(..and sure, I might be reading too much into the 'emotionally scarred' thing, but I've heard it before from people, and it seemed to me that they were, using that to dodge the issue(inadvertong-tly?)

Harvey said...


"As to the issue of winning, I am not trying to do so. This is a venue of exchange, at least in my view. I "win" when I take away new information or a new perspective. Hence, I win quite often."

This is precisely the attitude I have detected in your posts, both here and on your own blog. If more of your co-believers were able to truly engage without the need to "win" or get the affirmation that you "have it right" by convincing as many of us non-believers as possible to agree with you, the world (and blogspace) would be a much more pleasant place. It also has occurred to me that those believers who are actually at peace with their particular slant on things seem the least likely to need such affirmation.

Jared said...

Sorry that I arrived late to the party, I just have two cents to add. While these layers of "human" do seem to exist, it is very often incredibly difficult to determine precisely where one begins and another layer ends; this is the case for practically everything in biology if you investigate far enough. Although these descriptions are certainly useful in understanding our uniqueness, I could certainly apply these four layers to brown capuchins (an all hominine primates), orcas, common bottlenose dolphins, sea otters, and many other animals; particularly because they learn behaviors from observing other members of their group (culture, in a very broad sense) and have the other three layers fairly pegged as well. For my last point about the original post; the other hominines should be more offended.

As far as the "designed" point goes; only on a cursory external-only inspection of organisms could they possibly appear designed. As soon as you begin your dissection of an organism, you realize how much of a patchwork of fixes it is.

Pliny-the-in-Between said...

Good points all. There is a lot of overlap amongst these processes and certainly Man, as an animal, doesn't differ particularly in either biology or chemistry from other animals. But culture, and I suppose I should qualify that as history, would appear to be unique to us. No doubt other animals learn from experience and elders (the cetaceans as mentioned for example) but without history - i.e, writing, it can never go beyond lore.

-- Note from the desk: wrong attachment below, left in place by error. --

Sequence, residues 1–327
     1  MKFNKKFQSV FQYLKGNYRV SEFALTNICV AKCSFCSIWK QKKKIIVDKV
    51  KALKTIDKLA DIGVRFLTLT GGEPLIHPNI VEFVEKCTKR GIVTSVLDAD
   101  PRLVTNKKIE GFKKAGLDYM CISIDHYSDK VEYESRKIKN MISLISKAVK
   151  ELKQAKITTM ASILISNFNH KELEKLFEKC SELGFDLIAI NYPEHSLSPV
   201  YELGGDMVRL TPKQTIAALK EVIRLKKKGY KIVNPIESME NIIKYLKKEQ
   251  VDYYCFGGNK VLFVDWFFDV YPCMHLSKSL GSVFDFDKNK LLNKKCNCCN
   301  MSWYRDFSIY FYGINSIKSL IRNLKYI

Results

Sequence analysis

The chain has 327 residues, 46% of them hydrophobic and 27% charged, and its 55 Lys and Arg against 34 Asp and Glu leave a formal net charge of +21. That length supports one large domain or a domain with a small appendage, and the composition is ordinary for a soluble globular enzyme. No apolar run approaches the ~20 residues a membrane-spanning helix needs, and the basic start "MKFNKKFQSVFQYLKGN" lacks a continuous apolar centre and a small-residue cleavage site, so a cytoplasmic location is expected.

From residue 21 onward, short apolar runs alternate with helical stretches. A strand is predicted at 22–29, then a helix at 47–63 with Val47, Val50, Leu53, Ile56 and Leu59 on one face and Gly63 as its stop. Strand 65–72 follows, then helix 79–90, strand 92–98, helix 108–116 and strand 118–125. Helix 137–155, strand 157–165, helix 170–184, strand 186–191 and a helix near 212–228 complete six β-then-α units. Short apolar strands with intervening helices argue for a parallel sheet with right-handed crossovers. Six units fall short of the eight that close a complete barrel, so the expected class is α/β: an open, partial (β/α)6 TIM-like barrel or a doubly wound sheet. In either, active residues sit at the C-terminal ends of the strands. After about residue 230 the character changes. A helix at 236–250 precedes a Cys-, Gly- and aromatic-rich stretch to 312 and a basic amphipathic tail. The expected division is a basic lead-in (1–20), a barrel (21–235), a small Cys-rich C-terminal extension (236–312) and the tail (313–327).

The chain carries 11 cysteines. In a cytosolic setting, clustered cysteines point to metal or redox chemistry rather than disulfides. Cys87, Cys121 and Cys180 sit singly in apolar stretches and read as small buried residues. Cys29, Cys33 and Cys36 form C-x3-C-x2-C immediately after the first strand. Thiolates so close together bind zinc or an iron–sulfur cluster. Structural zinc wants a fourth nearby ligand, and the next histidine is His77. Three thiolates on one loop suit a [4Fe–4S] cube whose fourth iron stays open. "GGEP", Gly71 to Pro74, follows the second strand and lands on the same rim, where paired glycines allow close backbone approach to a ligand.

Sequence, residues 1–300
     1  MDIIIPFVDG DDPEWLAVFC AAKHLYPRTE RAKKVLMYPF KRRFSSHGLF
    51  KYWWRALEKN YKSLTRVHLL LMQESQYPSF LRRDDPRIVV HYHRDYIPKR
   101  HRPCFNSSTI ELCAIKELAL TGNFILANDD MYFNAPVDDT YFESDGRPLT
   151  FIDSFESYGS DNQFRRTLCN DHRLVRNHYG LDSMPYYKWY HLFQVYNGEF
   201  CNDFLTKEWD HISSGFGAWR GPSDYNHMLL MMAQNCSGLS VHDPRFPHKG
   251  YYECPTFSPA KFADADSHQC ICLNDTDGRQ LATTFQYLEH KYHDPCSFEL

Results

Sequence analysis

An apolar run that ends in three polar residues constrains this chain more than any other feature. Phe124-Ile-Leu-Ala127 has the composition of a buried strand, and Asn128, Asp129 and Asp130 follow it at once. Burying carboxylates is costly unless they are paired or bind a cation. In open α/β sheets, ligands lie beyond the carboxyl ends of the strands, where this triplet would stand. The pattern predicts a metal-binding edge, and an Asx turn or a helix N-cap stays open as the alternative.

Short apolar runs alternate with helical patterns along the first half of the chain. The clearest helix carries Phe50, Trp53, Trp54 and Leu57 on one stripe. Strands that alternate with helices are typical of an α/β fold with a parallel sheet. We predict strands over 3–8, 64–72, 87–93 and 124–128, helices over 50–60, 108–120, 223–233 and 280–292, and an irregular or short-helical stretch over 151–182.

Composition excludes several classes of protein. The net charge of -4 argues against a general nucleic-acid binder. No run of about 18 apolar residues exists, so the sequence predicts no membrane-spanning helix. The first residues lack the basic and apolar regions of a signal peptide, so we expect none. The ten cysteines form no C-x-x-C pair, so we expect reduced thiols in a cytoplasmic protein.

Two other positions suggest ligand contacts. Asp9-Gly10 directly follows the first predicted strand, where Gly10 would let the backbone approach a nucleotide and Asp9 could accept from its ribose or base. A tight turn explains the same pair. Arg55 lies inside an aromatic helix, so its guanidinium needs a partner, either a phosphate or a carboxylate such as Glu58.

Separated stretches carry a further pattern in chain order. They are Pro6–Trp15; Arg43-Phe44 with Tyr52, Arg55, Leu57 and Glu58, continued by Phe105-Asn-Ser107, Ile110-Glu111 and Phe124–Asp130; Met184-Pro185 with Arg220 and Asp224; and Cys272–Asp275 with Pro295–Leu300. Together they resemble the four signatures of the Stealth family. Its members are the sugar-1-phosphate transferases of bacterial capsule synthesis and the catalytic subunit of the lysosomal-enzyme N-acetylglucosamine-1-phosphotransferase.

Jared said...

But Pliny, written history is a relatively recent invention. Is that to say that we humans have only been around since the dawn of written history?

Pliny-the-in-Between said...
This comment has been removed by the author.
Pliny-the-in-Between said...

No not at all. But I think an argument could be made that written history (or writing in general) is what has allowed us to advance to a point culturally that makes it appear that we are separate from nature to many people. It's our cultural trappings and technology that make us seem so distinct. The point we've both been making in posts is that biologically speaking, it's harder to tease out the uniqueness than one might first imagine. It appears that our uniqueness is probably more a matter of degrees and good fortune than anything biologically distinct.

But I'm getting a bit ahead of myself here. The purpose of this post was just to start a discussion of some of the factors which have and do shape humanity. In later posts I'd like to look at these factors in more detail to see what we are when all the trappings of modernity are stripped away. More specifically, what factors provided the attributes that have allowed us to advance culture to such a degree. Your human model post is a great start to that discussion.

1208茹宣dinoreale said...
This comment has been removed by a blog administrator.
Jared said...

I am currently bogged down in all the things that can go wrong during embryonic development. It is quite the list which I shall need to prune, but I've found some rather interesting ones so far.

An unrelated question: why do you have so much asian porn spam?

Pliny-the-in-Between said...

Asian porn? I never checked the links to the spam sites. I've just ignored them. I guess it's time to add the spam guard stuff like some of the other sites.

Pliny-the-in-Between said...

Compiling a list of developmental faults? Man you are a glutton for punishment. After taking embryology I was amazed that any of us develop successfully. The unfolding of a living being from a single cell in a few months has got to be one of the wonders of the universe.

Jared said...

I've repeatedly said I tend to be masochistic when it comes to learning...

On a related note, sonic hedgehog does a whole lot of cool shit...